Local Food Systems and Climate Change
A photo essay initiated and photographed by Jen Chan between May 2020 and April 2021, text by Chingwei Chen. This is the first part of a series of farmer's story which will be published following this main article.
Jen is perched on the top of a ladder, erected on a grassy verge, in the middle of an unassuming estate in Hougang. She is in full shooting mode, with a large camera obscuring her face, eyes in a permanent wink, finger on the shutter, oblivious to the passing buses and curious glances of people walking by.
A wedding photographer by profession, her focus this time is not a happy couple. It is a community food gardener, who is standing in front of his guerrilla garden patch, next to a mass of thriving pumpkin vines. He moves about under Jen’s directions as she snaps away.
Beneath her serene bohemian surface, Jen has been grappling with a tough and gnarly topic - climate change. It’s been weighing on her mind for a long time. She has read extensively and thought deeply about it over a number of years; diving into books and papers, talks and films, followed public discourse by experts in the field, and held long discussions with friends.
For Jen, climate change isn’t just news about destructive weather events ravaging far away lands, but something far more personal and all-encompassing that verges on an existential crisis, one that could adversely impact us right here in Singapore. The crux of this crisis, for a country that relies predominantly on overseas agriculture to feed its people, is the continuity of our food supplies.
When the global pandemic knocked the world off-kilter, it also brought greater urgency to Singapore’s food security drive. It was no longer enough to make sense of climate change, Jen felt compelled to act. She decided to use her strength in portrait photography to focus on hopeful possibilities, and one of these possibilities is the nascent grassroots nature-based urban farming community.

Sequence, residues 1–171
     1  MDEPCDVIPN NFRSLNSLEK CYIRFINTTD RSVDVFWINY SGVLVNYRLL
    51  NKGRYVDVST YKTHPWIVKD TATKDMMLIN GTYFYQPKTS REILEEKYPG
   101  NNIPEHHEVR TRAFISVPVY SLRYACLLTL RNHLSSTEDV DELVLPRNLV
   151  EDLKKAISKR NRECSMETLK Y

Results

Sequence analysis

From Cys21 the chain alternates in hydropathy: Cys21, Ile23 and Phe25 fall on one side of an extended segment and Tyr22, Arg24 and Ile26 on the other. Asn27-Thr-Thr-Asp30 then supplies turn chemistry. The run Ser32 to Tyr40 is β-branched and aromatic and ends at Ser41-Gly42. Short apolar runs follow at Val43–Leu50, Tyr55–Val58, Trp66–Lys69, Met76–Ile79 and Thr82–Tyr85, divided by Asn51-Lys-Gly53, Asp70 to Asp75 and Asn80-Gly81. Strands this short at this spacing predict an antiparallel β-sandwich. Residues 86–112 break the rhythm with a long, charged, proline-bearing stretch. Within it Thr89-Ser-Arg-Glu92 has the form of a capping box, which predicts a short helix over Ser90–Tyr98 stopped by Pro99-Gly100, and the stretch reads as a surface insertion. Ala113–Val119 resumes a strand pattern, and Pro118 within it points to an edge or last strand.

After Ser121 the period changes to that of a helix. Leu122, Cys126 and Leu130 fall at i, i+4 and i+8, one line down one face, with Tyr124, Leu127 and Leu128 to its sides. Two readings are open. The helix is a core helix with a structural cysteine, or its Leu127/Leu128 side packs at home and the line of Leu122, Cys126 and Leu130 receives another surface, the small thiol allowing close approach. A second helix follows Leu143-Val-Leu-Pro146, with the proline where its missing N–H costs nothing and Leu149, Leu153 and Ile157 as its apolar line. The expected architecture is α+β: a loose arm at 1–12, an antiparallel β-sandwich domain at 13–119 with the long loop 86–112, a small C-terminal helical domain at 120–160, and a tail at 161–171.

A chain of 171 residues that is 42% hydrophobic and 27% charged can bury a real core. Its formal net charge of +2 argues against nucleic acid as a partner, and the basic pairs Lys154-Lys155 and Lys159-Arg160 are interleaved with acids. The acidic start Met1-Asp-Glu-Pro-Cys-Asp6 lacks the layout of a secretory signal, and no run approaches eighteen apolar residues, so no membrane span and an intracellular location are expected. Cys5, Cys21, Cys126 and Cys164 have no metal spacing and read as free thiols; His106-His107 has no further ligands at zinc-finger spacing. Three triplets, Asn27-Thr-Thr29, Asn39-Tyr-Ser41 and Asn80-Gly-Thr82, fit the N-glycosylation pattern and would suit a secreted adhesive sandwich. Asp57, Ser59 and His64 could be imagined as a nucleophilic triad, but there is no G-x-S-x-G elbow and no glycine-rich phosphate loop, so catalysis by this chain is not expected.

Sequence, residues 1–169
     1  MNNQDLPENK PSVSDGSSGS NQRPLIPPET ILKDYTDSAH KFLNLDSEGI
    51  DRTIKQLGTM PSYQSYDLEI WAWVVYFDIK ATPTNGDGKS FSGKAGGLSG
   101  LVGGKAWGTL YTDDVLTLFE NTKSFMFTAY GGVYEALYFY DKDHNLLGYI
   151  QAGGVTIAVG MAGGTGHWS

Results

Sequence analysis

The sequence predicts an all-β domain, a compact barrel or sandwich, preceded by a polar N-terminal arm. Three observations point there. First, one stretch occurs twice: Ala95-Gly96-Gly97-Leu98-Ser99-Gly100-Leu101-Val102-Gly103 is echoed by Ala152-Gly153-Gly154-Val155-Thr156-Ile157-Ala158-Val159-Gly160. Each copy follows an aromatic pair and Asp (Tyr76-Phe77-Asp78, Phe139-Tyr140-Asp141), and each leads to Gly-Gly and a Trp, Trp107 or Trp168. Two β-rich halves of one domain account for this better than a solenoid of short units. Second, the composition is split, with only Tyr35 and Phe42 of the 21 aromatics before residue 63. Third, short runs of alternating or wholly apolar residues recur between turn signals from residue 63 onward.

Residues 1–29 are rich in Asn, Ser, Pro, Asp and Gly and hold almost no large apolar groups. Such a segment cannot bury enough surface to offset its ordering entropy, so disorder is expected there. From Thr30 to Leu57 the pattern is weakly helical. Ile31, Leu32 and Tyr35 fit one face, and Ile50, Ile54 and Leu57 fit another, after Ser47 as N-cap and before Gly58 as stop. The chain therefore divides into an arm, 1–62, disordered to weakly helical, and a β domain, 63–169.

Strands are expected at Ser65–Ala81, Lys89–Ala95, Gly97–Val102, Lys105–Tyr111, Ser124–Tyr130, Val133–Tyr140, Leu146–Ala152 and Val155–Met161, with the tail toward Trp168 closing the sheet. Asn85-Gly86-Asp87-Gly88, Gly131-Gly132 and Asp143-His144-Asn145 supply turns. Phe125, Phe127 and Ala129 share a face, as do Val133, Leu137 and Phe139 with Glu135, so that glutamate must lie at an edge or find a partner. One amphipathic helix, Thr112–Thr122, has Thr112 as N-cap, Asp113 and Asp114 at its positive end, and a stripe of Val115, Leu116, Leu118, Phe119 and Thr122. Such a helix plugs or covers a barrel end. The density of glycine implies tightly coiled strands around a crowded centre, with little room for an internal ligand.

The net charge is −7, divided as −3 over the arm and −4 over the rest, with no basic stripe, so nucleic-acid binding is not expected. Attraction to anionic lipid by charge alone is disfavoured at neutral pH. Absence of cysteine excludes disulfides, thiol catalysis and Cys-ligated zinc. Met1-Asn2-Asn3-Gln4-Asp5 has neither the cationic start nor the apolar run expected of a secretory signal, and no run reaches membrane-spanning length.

“Farmers are just as essential, too” said Jen, who had completed a photo essay about essential front line workers in Singapore at the beginning of the pandemic, and realised food growers were missing from this hero list.
Production is not the only thing we should focus on. Farming is also about the well-being of the land and the people - that’s what we should treasure as well. But people don’t think about this.
— Jen Chan, photographer
As a permaculturist and compost maker, I resonated with Jen’s perspective. During 2021, we met at various food gardens around Singapore, and I watched her transform from a petite, feminine, philosophy-reading thinker into a bendy human tripod. In those moments, balanced precariously on a wobbly stool, or awkwardly straddling a drain, Jen is fully absorbed in becoming one with her camera, and together they frame and draw out the essence of her subjects: a group of regenerative urban farmers in their natural element - their food gardens.
In Singapore, with limited land, farming has a very different meaning than other countries with vast swathes of countryside. Decades ago, at crossroads as a nation, we chose urban development and industrialisation, which leapfrogged us into the ranks of the first world. Hardly any first-world nations had to choose between industrialisation and agriculture; our size meant difficult choices had to be made. What fell on the wayside was a tradition of small-hold agriculture and farmers, and so the knowledge, lore and land wisdom faded away with them.
Here we are in 2022, at another kind of crossroads. Farming and the self-sufficiency it can afford are now at the forefront of our national consciousness.